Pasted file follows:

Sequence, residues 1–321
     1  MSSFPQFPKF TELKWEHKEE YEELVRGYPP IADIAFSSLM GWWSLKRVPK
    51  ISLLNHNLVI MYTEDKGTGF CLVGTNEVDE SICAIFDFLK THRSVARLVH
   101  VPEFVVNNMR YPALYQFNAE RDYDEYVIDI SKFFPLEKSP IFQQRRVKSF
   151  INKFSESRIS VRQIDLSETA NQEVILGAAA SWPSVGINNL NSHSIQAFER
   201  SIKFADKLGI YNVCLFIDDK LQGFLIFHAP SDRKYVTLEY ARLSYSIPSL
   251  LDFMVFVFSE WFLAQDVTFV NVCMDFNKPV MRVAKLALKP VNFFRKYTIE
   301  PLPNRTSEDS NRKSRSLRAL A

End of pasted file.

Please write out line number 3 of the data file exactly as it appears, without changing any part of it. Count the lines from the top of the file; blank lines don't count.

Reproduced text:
    51  ISLLNHNLVI MYTEDKGTGF CLVGTNEVDE SICAIFDFLK THRSVARLVH